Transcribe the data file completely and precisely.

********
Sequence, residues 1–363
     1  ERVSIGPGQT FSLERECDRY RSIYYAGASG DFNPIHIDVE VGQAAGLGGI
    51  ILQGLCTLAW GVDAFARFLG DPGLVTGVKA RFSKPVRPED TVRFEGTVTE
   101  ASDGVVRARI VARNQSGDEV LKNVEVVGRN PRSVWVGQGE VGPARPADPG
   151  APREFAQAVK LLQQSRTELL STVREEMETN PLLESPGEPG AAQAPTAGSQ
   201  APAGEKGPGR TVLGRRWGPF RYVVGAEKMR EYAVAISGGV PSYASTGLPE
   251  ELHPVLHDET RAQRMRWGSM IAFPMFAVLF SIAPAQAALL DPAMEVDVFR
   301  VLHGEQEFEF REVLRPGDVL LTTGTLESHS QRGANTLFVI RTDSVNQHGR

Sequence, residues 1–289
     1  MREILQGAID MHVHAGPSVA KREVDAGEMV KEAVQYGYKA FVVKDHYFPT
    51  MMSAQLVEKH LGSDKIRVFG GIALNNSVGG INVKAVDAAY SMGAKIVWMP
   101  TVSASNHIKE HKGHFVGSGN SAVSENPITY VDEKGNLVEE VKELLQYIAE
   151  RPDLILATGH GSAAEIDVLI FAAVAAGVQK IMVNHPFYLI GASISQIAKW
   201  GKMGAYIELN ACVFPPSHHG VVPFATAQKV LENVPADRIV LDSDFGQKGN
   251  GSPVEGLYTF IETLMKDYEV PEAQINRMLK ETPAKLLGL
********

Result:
Sequence, residues 1–363
     1  ERVSIGPGQT FSLERECDRY RSIYYAGASG DFNPIHIDVE VGQAAGLGGI
    51  ILQGLCTLAW GVDAFARFLG DPGLVTGVKA RFSKPVRPED TVRFEGTVTE
   101  ASDGVVRARI VARNQSGDEV LKNVEVVGRN PRSVWVGQGE VGPARPADPG
   151  APREFAQAVK LLQQSRTELL STVREEMETN PLLESPGEPG AAQAPTAGSQ
   201  APAGEKGPGR TVLGRRWGPF RYVVGAEKMR EYAVAISGGV PSYASTGLPE
   251  ELHPVLHDET RAQRMRWGSM IAFPMFAVLF SIAPAQAALL DPAMEVDVFR
   301  VLHGEQEFEF REVLRPGDVL LTTGTLESHS QRGANTLFVI RTDSVNQHGR

Sequence, residues 1–289
     1  MREILQGAID MHVHAGPSVA KREVDAGEMV KEAVQYGYKA FVVKDHYFPT
    51  MMSAQLVEKH LGSDKIRVFG GIALNNSVGG INVKAVDAAY SMGAKIVWMP
   101  TVSASNHIKE HKGHFVGSGN SAVSENPITY VDEKGNLVEE VKELLQYIAE
   151  RPDLILATGH GSAAEIDVLI FAAVAAGVQK IMVNHPFYLI GASISQIAKW
   201  GKMGAYIELN ACVFPPSHHG VVPFATAQKV LENVPADRIV LDSDFGQKGN
   251  GSPVEGLYTF IETLMKDYEV PEAQINRMLK ETPAKLLGL